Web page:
Combustible Celluloid
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With: Anna Kendrick, Melanie Lynskey, Mark Webber, Lena Dunham, Joe Swanberg, Jude Swanberg
Written by: Joe Swanberg
Directed by: Joe Swanberg
MPAA Rating: R for language, drug use and some sexual content
Running Time: 88
Date: 07/25/2014

Happy Christmas (2014)

3 Stars (out of 4)

Do They Know It's 'Christmas'?

By Jeffrey M. Anderson

Joe Swanberg seems to be something like the James Franco of the mumblecore set. He is only 32, and the IMDb lists over 100 projects to his name. He is credited on at least twenty projects each as an actor, director, writer, producer, and cinematographer, and nearly as many as an editor. These are all in the last ten years, since 2003. I would assume that many of these are short films and that many of them never saw general release.

He seems to have friends in horror, and he has appeared as an actor in You're Next, The Sacrament, and contributed a segment to V/H/S. As for his own films, it's hard to determine which ones were actually released and how wide, but I believe that Hannah Takes the Stairs (2007), which I did not see, was one of them. And definitely last year's wonderful Drinking Buddies.

All of this is me thinking out loud, I guess, and trying to get a handle on Swanberg as a filmmaker. In short, I think he works hard, but tries to make it look as if he's not working hard. His films seem improvisatory, relying on that specific kind of "mumblecore" dialogue that sounds highly stylized but also often cringe-inducing, and remarkably close to the way people actually speak. Characters appear to be working out their thoughts as they speak, rather than reciting something they've already concluded.

But if, out of those hundred or so titles, Drinking Buddies and Happy Christmas are any indication, I'd say that Swanberg is someone to keep an eye on. I hope he settles down and focuses on something he truly believes in, rather than spreading himself too thin.

Happy Christmas focuses on a married couple somewhere in Chicago, Jeff (Swanberg) and Kelly (Melanie Lynskey, who gets to use her natural New Zealand accent). Swanberg's real-life baby plays their new baby Jude. Jeff's sister Jenny (Anna Kendrick) has just gone through a breakup and is coming to stay with her brother for a while, at Christmas time. The movie was apparently shot in Swanberg's own house, which came equipped with a vintage tiki lounge in the basement.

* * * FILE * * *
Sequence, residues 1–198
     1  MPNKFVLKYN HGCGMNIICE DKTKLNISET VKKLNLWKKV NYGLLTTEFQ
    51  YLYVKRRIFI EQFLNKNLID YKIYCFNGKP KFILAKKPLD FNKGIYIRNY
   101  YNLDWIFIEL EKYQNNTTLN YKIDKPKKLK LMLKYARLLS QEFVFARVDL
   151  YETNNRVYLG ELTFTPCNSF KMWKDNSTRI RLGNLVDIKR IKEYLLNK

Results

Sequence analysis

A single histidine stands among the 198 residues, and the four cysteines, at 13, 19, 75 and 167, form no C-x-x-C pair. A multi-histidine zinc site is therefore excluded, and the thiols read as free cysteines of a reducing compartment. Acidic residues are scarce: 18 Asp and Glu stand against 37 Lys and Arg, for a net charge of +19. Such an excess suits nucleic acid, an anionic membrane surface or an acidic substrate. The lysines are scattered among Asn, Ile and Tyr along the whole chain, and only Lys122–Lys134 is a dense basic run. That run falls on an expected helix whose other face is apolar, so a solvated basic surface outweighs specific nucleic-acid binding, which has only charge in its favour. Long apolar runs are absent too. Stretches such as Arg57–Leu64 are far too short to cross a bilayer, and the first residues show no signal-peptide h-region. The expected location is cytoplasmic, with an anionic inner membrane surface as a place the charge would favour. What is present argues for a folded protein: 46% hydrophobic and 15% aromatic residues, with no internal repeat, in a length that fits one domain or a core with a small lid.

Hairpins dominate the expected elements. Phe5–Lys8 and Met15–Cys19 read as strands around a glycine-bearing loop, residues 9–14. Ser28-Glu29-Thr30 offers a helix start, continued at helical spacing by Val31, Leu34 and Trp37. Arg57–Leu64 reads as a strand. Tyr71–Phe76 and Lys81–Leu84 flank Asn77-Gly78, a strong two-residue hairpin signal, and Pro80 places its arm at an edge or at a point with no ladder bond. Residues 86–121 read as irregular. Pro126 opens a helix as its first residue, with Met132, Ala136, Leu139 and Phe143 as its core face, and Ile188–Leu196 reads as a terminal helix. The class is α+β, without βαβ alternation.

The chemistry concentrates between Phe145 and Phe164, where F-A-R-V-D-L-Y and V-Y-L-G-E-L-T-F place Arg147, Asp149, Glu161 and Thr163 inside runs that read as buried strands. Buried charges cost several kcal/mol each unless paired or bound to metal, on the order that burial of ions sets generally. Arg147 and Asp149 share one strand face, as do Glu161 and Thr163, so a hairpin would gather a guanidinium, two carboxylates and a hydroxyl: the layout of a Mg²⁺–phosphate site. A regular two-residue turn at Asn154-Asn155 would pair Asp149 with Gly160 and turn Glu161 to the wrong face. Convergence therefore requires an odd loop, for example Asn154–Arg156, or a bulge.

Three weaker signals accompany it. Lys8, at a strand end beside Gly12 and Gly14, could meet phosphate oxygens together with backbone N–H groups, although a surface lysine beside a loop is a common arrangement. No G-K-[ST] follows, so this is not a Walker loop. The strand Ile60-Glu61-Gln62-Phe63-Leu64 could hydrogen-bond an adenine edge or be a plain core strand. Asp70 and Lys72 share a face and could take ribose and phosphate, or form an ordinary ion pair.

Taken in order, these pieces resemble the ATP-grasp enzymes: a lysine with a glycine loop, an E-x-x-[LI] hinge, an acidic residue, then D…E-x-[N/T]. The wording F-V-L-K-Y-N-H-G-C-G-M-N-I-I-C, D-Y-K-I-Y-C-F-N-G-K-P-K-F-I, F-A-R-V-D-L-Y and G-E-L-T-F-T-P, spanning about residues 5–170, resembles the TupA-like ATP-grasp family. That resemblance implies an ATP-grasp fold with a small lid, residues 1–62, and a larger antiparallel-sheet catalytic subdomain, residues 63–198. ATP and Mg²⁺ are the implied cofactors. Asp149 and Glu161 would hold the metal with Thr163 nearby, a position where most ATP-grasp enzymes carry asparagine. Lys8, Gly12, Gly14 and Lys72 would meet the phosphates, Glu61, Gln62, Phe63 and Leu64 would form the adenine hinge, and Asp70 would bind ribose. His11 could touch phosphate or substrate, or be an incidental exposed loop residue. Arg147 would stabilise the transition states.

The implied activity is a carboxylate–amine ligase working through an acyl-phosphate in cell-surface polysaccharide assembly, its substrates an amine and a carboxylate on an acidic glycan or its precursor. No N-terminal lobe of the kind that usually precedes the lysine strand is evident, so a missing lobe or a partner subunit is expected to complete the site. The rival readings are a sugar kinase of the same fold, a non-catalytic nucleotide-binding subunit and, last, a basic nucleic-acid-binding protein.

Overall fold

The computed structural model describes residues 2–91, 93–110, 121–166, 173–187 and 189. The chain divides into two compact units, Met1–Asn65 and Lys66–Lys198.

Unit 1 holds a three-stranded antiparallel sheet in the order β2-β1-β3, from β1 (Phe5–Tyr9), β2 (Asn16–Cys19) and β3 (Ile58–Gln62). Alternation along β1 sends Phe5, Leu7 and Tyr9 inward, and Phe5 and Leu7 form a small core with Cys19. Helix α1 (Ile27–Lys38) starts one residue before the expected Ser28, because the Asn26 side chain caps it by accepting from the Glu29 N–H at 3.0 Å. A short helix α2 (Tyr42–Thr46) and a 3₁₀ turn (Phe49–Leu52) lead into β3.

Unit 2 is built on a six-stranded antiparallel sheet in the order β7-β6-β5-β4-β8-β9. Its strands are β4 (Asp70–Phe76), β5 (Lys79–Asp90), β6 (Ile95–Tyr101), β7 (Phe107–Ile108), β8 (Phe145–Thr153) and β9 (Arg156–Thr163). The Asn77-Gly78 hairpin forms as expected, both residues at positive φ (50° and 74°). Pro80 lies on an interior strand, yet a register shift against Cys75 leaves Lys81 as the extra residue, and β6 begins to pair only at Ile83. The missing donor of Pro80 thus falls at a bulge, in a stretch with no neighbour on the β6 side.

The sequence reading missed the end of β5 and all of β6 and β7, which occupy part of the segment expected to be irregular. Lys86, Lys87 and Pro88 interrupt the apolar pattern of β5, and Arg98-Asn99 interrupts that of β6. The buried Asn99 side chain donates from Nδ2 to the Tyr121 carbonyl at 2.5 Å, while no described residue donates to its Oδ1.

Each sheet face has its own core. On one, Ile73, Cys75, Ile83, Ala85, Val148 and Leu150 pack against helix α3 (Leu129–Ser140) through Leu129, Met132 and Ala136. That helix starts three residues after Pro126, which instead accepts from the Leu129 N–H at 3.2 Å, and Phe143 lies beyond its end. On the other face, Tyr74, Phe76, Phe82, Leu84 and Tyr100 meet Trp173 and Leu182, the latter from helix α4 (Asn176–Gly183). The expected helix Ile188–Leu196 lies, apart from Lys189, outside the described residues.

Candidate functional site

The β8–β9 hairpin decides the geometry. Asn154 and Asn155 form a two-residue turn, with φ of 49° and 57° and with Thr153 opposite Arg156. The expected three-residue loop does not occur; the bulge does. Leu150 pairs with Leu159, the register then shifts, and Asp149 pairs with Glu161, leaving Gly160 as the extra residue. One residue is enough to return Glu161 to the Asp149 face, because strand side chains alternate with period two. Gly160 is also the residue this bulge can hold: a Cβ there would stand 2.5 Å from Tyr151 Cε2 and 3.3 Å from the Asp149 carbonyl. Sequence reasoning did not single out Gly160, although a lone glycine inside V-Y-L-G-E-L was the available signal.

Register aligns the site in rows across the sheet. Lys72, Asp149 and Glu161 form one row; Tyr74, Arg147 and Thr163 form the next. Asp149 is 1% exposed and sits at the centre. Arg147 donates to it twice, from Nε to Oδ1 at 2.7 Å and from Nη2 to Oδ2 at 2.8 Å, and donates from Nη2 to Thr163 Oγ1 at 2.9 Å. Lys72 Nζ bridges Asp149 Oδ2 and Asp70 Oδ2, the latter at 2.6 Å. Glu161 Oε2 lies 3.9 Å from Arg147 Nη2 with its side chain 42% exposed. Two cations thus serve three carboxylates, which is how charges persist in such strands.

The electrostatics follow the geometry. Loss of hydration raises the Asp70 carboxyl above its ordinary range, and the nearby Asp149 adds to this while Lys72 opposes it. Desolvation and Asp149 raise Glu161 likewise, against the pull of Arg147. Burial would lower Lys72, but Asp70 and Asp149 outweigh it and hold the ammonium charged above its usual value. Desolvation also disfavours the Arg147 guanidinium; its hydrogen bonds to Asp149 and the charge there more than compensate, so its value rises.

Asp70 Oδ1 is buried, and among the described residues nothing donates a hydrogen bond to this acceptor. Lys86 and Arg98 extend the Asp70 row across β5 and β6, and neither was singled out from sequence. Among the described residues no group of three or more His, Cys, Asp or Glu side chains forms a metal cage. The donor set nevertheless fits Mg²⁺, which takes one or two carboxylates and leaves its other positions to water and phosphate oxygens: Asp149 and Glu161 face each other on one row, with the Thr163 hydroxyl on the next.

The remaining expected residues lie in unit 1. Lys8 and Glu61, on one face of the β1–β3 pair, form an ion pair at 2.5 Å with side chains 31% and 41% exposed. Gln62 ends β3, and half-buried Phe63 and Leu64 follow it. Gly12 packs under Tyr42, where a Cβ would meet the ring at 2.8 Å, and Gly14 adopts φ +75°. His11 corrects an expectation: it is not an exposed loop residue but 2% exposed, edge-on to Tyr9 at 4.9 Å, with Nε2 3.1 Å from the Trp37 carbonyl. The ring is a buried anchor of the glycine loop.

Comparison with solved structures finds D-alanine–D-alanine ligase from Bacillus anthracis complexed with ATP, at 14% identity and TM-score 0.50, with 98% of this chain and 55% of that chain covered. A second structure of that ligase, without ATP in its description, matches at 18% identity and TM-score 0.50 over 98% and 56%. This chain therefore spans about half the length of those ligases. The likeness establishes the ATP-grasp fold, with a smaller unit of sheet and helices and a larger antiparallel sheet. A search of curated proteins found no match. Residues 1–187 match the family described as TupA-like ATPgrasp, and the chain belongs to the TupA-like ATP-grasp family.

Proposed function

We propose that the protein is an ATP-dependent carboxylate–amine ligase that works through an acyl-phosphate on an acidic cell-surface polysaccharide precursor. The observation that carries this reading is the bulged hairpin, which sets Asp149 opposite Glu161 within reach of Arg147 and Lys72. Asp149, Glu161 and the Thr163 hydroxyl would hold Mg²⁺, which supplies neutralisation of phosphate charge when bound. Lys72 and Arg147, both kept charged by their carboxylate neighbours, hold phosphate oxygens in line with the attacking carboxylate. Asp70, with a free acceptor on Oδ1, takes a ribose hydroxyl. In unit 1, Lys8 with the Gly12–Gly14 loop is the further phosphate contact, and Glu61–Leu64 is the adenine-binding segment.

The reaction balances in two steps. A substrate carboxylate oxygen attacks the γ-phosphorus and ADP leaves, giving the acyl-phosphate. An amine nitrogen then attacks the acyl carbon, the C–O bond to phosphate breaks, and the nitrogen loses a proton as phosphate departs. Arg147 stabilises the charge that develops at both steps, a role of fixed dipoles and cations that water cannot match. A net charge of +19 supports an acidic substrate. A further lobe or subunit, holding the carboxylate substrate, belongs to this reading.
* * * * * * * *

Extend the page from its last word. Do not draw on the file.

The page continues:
The movie has less of a plot than it does chunks of time that deal with characters. Kelly feels overwhelmed with the baby and would like to start her writing career again (she previously published one book). The presence of Jenny, who has no responsibilities and is free to get drunk and come home at all hours, makes things worse. Jeff lets Kelly use a rented but vacant office space to write during the day, and eventually Kelly -- and her wisecracking pal Carson (Lena Dunham) -- start hanging out with her and working on an erotic novel together.

Kelly also has a slow-burning romance with a local weed dealer/babysitter, Kevin (Mark Webber). (The movie doesn't seem alarmed at the combination of these two professions.) Swanberg's camera often just rolls as these characters fumble and stumble and try to connect with one another. It's sometimes frustrating, but it's often touching and funny. Ms. Lynskey once again proves that she's one of the cinema's greatest unsung treasures, and Ms. Kendrick proves that she's no fluke.

The movie is set at Christmastime; there are a few references to presents and a tree is on view, but it's not really a Christmas movie. Swanberg sprinkles the soundtrack with some obscure, hip pop songs that he'd either like to share with you or use to show off his eclectic tastes, but none of them are Christmas tunes.

It's also interesting that Swanberg has begun to concentrate on the plight of thirty-somethings, even though "mumblecore" has almost exclusively focused on youngsters fresh out of college. The transition works, and is most welcome. I hope that Swanberg keeps going and finds a way to make his filmmaking style work as the years roll on, examining the forties, fifties, and beyond.

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